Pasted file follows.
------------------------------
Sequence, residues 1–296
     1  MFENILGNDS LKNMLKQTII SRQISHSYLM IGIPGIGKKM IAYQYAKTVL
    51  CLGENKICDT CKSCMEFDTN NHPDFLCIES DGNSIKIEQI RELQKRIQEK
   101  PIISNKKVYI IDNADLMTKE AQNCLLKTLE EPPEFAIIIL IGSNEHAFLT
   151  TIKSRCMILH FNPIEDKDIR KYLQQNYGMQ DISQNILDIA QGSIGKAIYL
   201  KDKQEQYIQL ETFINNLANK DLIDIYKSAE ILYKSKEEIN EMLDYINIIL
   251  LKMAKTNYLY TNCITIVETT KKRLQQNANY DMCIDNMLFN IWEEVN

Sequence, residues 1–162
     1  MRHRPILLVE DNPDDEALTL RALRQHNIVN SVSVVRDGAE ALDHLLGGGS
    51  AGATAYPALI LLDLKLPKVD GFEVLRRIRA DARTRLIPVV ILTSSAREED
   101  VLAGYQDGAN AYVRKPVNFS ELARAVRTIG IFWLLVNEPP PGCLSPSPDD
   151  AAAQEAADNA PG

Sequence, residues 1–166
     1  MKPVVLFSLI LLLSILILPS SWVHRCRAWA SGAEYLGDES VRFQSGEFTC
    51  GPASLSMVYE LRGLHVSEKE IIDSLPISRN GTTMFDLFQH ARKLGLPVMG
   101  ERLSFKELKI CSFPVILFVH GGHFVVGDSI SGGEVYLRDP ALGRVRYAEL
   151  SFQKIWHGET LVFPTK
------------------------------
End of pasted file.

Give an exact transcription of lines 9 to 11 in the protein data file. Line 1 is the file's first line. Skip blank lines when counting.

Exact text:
     1  MRHRPILLVE DNPDDEALTL RALRQHNIVN SVSVVRDGAE ALDHLLGGGS
    51  AGATAYPALI LLDLKLPKVD GFEVLRRIRA DARTRLIPVV ILTSSAREED
   101  VLAGYQDGAN AYVRKPVNFS ELARAVRTIG IFWLLVNEPP PGCLSPSPDD